African cockadoodie oogy dirtie birdie: A response to Misery by Stephen King

Ummmmm…. yeah.  This was an interesting one.  Misery is the first Stephen King book (aside from On Writing) that I’ve ever read.  I like the style and the story idea.  It’s creepy and there were many times when Paul is struggling to write that I wondered if that was autobiographical for Mr. King.  He certainly captures my plight as a fledgling writer.

It took getting about 2/3rds through the novel before I realized why this one bothered me more than Psycho, Church of Dead Girls, Red Dragon, and Silence of the Lambs combined.  And then it dawned on me.  Misery is written from the point of view of the victim!  I internalized it more and it freaked me out more.  I honestly can’t say that I would have tried to last as long as Paul did.  That is partly what I feel is unbelievable about Paul.  He’s unconnected from everyone yet he finds a reason to stay alive for so long.  I have a wife and two kids and I’m still close to my extended family.  I’d only keep going because I wouldn’t want them to have to deal with my death.  I wouldn’t be fighting to stay alive for myself or for a “cockadoodie” story.  But, as the novel progresses, I can understand to a point why he’s so attached to finishing the novel.

Photo from  Creepier cover than the one on my Nook book version in my opinion.
Annie Wilkes was pretty creepy to begin with.  Super fan to the extreme.  Yeah, then she dumps soapy water in Paul’s face forcing him to drink it.  Oh, and then shattering his already busted knee!  So I was pretty convinced that she’s psychotic.  And that’s all before Paul sneaks a peak at her book of memories.  I screamed at him to get back to the room every time he “thought” he heard a car coming.  I can’t remember the last time that I actually vocally yelled at a character in a book!  Mr. King, I applaud you and your astounding story-telling abilities.  I didn’t fly through this book like the others because it was more painful to read.  Not that anything was wrong with the story, craft, grammar, etc.  As I said earlier, it was simply because I internalized Paul more than I internalized Will Graham or Dolarhyde for example.  Now I understand why our fearless leader, Scott Johnson, warned us at the beginning of his syllabus for this course.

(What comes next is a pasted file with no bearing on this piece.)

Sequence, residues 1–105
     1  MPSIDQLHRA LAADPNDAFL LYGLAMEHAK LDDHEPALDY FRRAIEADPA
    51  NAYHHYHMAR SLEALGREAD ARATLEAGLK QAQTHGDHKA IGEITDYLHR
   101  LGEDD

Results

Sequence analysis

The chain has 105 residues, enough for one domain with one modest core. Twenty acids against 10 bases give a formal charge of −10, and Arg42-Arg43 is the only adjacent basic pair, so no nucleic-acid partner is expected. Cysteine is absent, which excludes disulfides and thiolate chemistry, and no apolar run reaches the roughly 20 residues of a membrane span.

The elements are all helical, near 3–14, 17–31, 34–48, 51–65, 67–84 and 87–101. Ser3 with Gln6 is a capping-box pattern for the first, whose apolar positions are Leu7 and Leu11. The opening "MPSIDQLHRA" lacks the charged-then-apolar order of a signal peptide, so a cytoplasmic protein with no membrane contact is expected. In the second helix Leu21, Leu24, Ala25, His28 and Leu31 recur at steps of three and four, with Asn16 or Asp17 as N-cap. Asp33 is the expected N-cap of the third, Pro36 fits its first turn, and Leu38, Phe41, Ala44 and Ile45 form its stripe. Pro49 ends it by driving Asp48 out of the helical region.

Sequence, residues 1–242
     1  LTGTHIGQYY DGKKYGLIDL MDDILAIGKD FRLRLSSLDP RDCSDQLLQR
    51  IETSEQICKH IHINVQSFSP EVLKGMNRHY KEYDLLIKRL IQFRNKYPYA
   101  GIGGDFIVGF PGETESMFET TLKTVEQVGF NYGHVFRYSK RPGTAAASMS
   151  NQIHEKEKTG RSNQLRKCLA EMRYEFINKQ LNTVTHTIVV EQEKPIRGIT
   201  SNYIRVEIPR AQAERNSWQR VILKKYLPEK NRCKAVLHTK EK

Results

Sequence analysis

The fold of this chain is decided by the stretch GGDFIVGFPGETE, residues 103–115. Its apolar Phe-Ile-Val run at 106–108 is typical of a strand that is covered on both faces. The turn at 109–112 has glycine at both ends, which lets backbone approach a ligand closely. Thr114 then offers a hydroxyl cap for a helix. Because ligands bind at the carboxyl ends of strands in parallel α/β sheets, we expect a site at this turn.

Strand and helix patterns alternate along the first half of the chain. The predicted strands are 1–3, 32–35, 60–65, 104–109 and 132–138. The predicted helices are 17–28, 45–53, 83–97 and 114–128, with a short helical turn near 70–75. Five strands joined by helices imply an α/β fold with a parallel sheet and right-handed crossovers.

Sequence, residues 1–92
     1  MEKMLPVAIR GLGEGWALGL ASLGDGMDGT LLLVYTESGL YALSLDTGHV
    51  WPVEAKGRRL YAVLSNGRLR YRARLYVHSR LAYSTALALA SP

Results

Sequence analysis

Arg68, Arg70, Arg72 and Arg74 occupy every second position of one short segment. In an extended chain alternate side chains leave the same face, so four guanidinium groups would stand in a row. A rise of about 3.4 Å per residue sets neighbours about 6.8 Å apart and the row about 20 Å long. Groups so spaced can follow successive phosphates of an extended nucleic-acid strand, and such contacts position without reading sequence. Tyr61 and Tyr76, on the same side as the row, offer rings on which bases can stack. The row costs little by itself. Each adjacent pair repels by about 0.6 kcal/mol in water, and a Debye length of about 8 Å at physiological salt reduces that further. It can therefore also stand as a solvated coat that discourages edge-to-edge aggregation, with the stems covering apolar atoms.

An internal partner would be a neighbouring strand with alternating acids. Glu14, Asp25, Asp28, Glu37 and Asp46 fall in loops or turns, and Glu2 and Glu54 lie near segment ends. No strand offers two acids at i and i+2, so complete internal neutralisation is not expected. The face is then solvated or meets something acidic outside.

I’m struggling to find ways to articulate how this affected me.  It will lend to interesting reads from my classmates as they post their reviews (see horror blog roll on the side).  One thing I can say is that I can see now why Mr. King has such a following.  We’ve read a number of scary stories in the class so far.  Most of those just intrigued me with questions like “How does someone get like that?” Misery didn’t do that as much for me.  If I questioned anything it was “Would I last as long? Don’t think so.” I seriously think if I had been in Paul’s place I would have succumbed to the pain and horror long before I found out about Annie’s past.  Just goes to show what a tale you can make by putting your character through some truly horrific situations.

4 thoughts on “African cockadoodie oogy dirtie birdie: A response to Misery by Stephen King”

  1. The point you made about this being from the point of view of the victim is a good one. I didn’t think about that when I read it. I also wonder if that is why so much of psyho fiction does nothing for me. Not a lot of it is about an actual victim, it is always other person, whether law enforcement or not, that tells the story and they may try to empathize, but it’s not the same as being in the shoes of Paul. Good supernatural horror will do that, and I think that’s why I stay in that section of the genre so much.

  2. I really like how King portrayed Annie. Even in the beginning when she pours on the ‘superfan’ as you call it, it is apparent that she isn’t all there. I just love how she degenerates as the story progresses until, just like Paul, she’s hanging on by a thread at the end.

  3. The point of view really makes the story. Annie Wilkes is a terrific character, but seeing her—experiencing her—the victim’s point of view is what makes Misery horror, rather than just psychological suspense. (Not that there is anything wrong with the later. A book can be a good tale of psychological suspense but not be horror. Misery is both.)

  4. Very awesome how you point out the story’s being from the victim’s point of view. I, like Will, didn’t think of that. I also have never thought about whether or not I could have survived crazy Annie. I think the snow would have killed me off before she got me back to the house…

    Awesome post.

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